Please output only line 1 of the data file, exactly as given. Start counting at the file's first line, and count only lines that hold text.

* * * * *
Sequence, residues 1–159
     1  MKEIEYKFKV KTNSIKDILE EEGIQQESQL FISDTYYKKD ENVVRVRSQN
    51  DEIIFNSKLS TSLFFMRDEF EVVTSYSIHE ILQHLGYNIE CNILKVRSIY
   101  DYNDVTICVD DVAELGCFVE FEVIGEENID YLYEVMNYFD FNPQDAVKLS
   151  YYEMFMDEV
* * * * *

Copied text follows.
Sequence, residues 1–159